If the Magistrate has rejected the case for no cause, the mistake is a kind that is at the bottom of the situation. Without the justifications, the order would become null. The complainant has the right to know why a revisional court approach has rejected his case. His right to seek the revisionary tribunal is prejudiced by his ignorance of the grounds. The judgment was passed by The High Court of Orissa in the case of Lalit Mohan Patnaik V. Sadasiba Mohapatra and Ors. [CA No. 52 of 1993] by a Single Bench consisting of Hon’ble Shri Justice S.K. Sahoo.
This appeal has been filed by the appellant challenging the impugned order passed by the learned S.D.J.M., in refusing to take cognizance of the offences under sections 143, 382, 451, 504, 395 read with 2 sections 109 of the Indian Penal Code and also in dismissing the complaint petition. The appellant applied section 378(4) of Cr.P.C. seeking for special leave to prefer an appeal against the order and special leave was granted as per order, whereafter this appeal was preferred which was admitted.
It is the case of the appellant that the respondents had no right or authority to enter inside his house and to forcibly remove all the valuable properties in his absence. It is the further case of the appellant that he had not incurred any loan from the co-operative societies nor he was a defaulter nor any certificate proceeding or E.P. case had been initiated against him for recovery of any outstanding loan amount. Hence, the forcible and wrongful entry of the respondents inside his house and forcibly removing all his valuables as per the list keeping his sister’s son under wrongful restraint and fear of assault is highly illegal and done with mala fide intention to make personal gains of the respondents.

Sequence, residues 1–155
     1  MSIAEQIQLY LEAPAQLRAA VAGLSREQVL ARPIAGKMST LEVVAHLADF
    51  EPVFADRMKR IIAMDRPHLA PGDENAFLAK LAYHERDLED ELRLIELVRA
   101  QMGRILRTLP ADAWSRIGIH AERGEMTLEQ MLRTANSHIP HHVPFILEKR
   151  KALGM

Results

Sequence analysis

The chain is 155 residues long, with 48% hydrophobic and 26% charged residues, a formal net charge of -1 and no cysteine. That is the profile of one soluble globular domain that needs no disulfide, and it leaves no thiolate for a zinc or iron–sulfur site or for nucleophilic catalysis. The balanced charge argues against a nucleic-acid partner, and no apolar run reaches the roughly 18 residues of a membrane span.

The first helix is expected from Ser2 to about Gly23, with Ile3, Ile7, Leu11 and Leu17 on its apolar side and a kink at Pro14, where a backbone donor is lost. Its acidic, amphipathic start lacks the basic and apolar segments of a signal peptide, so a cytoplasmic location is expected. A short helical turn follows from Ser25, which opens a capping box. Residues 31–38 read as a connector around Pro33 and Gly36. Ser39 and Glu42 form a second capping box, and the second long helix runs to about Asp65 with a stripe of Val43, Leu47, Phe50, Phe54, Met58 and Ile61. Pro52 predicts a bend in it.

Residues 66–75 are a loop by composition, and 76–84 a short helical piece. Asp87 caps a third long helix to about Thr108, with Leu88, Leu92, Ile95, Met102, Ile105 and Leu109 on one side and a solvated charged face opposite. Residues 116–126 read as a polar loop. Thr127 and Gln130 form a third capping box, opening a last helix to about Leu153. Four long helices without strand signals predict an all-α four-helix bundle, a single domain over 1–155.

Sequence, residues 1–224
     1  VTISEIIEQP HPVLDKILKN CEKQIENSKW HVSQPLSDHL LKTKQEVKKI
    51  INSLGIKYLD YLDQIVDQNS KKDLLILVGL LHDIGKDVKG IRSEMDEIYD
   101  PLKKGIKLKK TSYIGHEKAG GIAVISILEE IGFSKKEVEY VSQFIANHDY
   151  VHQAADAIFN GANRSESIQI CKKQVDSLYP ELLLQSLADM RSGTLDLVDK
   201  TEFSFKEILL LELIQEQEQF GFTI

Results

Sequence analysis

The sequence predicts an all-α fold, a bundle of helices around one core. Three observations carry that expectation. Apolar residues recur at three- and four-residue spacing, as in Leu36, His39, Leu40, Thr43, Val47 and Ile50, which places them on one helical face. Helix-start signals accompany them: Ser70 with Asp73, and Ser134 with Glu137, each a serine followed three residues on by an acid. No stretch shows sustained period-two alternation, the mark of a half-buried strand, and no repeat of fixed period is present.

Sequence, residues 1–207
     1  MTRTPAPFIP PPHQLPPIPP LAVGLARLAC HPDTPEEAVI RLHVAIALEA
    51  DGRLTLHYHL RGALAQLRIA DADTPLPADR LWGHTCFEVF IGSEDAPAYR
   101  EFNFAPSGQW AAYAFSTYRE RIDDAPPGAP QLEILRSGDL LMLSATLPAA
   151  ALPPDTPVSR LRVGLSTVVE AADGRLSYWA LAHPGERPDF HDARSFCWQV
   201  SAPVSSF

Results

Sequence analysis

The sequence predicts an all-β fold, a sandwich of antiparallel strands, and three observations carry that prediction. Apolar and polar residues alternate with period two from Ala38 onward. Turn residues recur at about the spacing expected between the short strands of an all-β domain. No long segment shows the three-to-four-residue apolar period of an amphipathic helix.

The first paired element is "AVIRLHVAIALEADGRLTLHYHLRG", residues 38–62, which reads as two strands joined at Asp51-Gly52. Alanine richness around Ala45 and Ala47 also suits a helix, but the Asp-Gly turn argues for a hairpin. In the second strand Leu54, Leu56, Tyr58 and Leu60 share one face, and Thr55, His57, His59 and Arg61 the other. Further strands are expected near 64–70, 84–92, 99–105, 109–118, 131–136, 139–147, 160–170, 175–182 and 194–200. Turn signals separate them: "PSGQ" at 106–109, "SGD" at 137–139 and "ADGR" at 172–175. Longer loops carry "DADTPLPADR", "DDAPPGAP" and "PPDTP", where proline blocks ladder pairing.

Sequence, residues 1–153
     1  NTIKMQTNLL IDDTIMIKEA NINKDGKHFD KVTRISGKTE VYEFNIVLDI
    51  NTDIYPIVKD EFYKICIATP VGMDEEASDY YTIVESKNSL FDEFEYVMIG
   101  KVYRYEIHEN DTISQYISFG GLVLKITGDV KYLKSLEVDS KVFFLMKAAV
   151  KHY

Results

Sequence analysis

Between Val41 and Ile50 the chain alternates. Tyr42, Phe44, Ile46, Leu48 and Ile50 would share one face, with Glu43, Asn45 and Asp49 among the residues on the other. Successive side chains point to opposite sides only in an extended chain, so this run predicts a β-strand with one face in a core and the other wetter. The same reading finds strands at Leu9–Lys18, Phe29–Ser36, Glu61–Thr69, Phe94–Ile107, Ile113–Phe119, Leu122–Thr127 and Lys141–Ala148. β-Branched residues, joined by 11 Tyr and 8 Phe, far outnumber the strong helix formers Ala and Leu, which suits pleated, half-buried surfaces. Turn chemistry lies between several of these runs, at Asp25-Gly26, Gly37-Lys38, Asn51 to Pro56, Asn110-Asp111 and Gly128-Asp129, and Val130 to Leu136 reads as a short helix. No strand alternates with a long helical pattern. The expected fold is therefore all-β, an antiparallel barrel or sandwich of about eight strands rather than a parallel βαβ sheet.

The learned court referred to M/s. Rourkela Construction Private Ltd. V. Ravindra Kumar Goyal wherein it was held that “under section 203 of the Cr.P.C., the Magistrate gets jurisdiction to dismiss a complaint if on perusal of the complaint and the evidence recorded U/s. 202, he finds that the essential ingredients of the offence alleged are absent or that the dispute is only civil or that there are such patent absurdities in the complaint or the evidence that it would be a wastage of time to proceed further.”
While dismissing the petition the learned court opined that “there is no any illegality or irregularity or perversity in the order. Moreover, a revision petition is maintainable against an order dismissing the complaint under section 203 of Cr.P.C. Special leave to prefer an appeal is sought for under section 378(4) of Cr.P.C. against an order of acquittal in any case instituted upon a complaint and dismissal of a complaint is not an acquittal as per explanation provided under section 300 of Cr.P.C.”